|Above: A snow-covered street in Boulder, Colorado, on Nov. 26, 2019. The storm on Nov. 25-26 gave Boulder 22” of snow and 1.47” of liquid equivalent—which shows that the 10-to-1 snow-to-liquid ratio that was often used to extrapolate snowfall amounts decades ago can seriously underestimate snow totals. Image credit: Bob Henson.|
As anyone who has followed my blogs for WU over the past ten years has no doubt noticed, I am always interested in the actual data-derived records so far as weather events are concerned. In my previous post, I looked at record snowfalls for all the states and several cities for various periods of time (24 hours, monthly, etc.). In the conclusion to that blog, I wrote a bit on how climate change may be affecting snowfall in the United States. The basic conclusion was that no one really understands much about this.
So, as a follow-up to that, I decided to look at how much snow has actually been measured decade by decade at 40 different cities/sites across the contiguous U.S. since 1900. I only included places that see winter snowfall regularly (i.e., in most years), meaning along and north of a line from North Carolina through Tennessee, Oklahoma and the mountainous regions of the West.
A constraining factor in choosing the sites is that they must all have a continuous monthly snowfall record dating back to at least 1900, something that a surprisingly few do. There is no complete record for Nashville, Tennessee; Roanoke, Virginia; Sheridan, Wyoming; and Seattle, Washington, among other cities that would seem to be obvious choices. For instance, in the high mountain areas of the West there are virtually no sites with a continuous period of record (POR) back to 1900, aside from Flagstaff, Arizona; Donner Summit in the high Sierra of California; and Red Lodge, Montana (which I did not include because of its obscurity).
Before discussing the trends and reliability of the data, below is the table, based on reports culled from the National Weather Service NOWData website.
|Figure 1. Average decadal snowfall for 40 significant sites in the contiguous U.S. since the season of 1900-1901, up to and including the season of 2018-2019 (top). The city list is arranged in a general east-to-west and north-to-south pattern, following general regional areas such as “along the east coast”, Ohio Valley, Midwest, Plains, Rocky Mountains, and far West. This makes it easier to compare changes over time for cities that are within more or less the same regional areas. Each city’s snowiest decade is highlighted in red and its least snowy decade in blue. For comparison’s sake, the latest official 30-year POR average (1981-2010) and the snowiest and least snowy single seasons are also included (bottom). I’ve made an attempt to distribute the sites in a geographic manner that represents all of the various regions of the contiguous U.S. more or less equally.|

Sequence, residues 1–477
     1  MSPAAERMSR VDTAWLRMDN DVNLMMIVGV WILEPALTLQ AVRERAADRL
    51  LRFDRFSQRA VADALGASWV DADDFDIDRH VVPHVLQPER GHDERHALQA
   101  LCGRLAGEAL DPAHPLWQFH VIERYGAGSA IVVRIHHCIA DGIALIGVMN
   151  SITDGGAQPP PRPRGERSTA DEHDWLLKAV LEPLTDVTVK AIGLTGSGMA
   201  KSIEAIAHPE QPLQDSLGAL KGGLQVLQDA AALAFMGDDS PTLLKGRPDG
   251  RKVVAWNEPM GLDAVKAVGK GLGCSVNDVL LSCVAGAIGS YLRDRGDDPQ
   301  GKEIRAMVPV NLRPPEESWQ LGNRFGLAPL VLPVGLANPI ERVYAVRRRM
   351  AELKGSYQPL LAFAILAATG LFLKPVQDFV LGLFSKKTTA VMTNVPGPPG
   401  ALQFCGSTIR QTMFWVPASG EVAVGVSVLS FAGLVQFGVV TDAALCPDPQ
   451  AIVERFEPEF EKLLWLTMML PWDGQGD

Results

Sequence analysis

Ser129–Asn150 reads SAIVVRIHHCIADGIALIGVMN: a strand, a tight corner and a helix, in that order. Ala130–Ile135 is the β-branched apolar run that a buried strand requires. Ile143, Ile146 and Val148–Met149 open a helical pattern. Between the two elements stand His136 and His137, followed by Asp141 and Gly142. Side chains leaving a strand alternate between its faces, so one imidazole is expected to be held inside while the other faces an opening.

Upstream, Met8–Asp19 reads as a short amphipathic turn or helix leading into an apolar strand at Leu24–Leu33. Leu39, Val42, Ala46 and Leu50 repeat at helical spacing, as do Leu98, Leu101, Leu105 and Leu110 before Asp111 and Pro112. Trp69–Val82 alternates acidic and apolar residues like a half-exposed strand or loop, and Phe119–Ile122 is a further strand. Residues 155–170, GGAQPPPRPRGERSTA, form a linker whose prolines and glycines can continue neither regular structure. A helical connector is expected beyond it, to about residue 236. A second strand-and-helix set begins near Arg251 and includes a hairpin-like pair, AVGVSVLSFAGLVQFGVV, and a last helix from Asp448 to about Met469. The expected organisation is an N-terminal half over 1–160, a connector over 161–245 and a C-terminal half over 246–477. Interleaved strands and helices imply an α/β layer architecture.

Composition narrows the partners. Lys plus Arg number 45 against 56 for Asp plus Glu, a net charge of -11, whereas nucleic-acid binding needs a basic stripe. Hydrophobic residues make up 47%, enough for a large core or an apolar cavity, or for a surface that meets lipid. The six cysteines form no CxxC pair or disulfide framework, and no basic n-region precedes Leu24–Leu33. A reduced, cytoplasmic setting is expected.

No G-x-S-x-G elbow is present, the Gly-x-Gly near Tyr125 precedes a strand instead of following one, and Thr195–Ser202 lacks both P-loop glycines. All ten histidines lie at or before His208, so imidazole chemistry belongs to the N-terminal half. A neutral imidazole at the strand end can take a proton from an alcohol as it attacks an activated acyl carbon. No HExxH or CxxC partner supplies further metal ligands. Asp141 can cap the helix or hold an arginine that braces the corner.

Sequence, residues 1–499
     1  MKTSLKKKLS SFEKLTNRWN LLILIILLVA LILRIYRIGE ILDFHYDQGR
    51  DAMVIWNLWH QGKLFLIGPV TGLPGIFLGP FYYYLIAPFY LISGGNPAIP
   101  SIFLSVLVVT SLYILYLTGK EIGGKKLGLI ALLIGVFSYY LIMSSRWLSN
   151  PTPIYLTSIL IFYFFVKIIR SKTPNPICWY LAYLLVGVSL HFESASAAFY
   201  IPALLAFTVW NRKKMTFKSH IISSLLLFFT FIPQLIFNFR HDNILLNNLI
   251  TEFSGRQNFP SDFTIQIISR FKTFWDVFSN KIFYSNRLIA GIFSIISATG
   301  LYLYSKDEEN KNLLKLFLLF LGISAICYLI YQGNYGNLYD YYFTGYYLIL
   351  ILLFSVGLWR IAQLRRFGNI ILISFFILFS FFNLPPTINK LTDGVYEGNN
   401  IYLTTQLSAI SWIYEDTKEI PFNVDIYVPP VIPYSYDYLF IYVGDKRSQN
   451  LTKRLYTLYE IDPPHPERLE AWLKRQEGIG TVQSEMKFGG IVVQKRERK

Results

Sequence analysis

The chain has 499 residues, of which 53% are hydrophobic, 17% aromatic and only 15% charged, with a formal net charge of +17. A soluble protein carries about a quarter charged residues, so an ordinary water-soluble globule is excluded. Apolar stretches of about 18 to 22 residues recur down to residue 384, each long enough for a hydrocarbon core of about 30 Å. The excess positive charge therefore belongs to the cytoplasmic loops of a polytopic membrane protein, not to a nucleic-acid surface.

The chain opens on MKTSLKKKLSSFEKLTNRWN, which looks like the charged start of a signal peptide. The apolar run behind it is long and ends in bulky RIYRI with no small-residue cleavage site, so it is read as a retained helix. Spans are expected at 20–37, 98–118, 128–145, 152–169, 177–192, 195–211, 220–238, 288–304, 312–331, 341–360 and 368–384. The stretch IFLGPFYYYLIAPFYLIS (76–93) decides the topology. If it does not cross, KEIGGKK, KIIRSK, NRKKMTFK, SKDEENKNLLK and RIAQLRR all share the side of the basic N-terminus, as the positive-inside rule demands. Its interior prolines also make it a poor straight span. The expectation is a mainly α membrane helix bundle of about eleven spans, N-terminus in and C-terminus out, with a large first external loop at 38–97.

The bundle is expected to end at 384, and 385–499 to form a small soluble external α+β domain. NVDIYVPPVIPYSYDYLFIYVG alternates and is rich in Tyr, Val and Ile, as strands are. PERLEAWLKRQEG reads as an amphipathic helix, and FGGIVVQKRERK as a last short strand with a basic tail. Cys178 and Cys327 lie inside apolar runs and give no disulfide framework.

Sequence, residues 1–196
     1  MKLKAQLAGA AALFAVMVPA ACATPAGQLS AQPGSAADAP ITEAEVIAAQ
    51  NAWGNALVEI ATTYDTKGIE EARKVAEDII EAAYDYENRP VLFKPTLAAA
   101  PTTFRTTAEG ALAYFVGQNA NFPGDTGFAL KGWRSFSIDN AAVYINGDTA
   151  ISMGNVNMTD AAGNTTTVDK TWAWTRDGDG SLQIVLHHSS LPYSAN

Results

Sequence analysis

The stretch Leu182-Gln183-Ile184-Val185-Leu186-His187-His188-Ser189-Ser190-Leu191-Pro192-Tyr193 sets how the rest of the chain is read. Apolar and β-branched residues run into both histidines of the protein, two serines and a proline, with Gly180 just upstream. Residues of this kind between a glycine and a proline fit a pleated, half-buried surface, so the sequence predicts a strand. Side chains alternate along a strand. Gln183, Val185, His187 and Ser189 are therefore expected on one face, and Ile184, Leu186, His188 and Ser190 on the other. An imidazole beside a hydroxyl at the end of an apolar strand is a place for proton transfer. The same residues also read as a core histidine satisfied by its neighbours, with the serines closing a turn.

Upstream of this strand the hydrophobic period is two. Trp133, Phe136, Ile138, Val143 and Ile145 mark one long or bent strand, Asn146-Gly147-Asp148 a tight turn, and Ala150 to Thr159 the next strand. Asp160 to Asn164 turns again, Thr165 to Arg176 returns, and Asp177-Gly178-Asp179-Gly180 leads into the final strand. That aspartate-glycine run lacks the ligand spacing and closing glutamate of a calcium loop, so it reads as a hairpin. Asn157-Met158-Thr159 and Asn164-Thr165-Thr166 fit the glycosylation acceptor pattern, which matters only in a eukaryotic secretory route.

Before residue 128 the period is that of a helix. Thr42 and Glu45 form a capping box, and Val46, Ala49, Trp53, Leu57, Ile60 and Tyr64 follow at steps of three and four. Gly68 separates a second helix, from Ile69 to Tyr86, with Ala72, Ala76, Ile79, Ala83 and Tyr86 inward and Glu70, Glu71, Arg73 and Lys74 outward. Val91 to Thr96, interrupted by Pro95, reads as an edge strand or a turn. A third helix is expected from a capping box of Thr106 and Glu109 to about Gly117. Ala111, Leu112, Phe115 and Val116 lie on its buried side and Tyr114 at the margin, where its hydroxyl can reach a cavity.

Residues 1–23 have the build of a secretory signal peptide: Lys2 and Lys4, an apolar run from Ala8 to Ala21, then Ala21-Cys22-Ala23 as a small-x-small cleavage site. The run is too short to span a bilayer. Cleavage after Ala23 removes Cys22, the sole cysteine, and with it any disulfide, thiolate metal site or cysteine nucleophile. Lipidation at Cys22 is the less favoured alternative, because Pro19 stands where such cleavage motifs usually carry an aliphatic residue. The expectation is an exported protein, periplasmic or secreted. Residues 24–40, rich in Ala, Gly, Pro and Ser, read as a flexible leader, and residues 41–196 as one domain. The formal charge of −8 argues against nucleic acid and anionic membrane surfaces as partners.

|Figure 2. Map of the 40 sites used in my data table.|
Inherent problems with the data
As noted in my previous blog, the methods of snow measurement in the U.S. have changed over time. An article authored by Matt Kelsch of NCAR/UCAR and official COOP observer for Boulder, Colorado, explains how in the oldest of snow records (mostly predating 1950) a simple 10-to-1 snow-to-liquid ratio was often used to estimate the snowfall (i.e., 1” of melted precipitation = 10” of snow). As it turns out, the average ratio for the contiguous U.S. is roughly 12:1 or 13:1, and that ratio can vary greatly from place to place and storm to storm, even within a single storm.
At some point—and that point in time was different among the various weather observation sites—actual snowfall began to be measured using a stick-like ruler, with the snow measurements made either at the end of each snowfall or at one or more regular times each day (e.g., at 7 a.m. or 7 p.m.).
At some point (and this is the problem with my data: that this “point” in time varied from site to site between the 1950s and 1990s), snowboards came into use (see Mr. Kelsch’s description of these in his writeup).
|Figure 3. An official snowboard, as pictured in the National Weather Service pamphlet Snow Measurement Guidelines for National Weather Service Snow Spotters. The poles on either side allow the snowboard to be found in case of very heavy snow between observations. Image credit: NWS.|
The use of snowboards led to snowfall being more accurately measured, but it also increased the amount of snow attributed to any given storm. This is because snowfall measurements were now being made as often as every six hours (when the snow board would be cleared to make way for the next six-hour measurement) instead of just once or twice a day. Since deep snow settles as it falls, this method increases the amount of snow measured.
As an observer who has used both techniques during his now-29-year COOP tenure in Boulder, Mr. Kelsch estimates that for extreme snowfalls the use of six-hourly snowboard measurements can result in snow totals that are 15 to 20 percent greater than what is actually measured on the ground. The potential for confusion became evident after New York’s official Central Park site reported a 24-hour snowfall of 26.8” on January 22-23, 2016, a new all-time record for New York City. That total was adjusted upward even higher, to 27.5”, after an NWS review found and corrected an error in the transmitted snow report. However, local weather-minded residents living near the site in Central Park (and there are many of those!) measured only 18” to 22” on the ground at the end of the storm.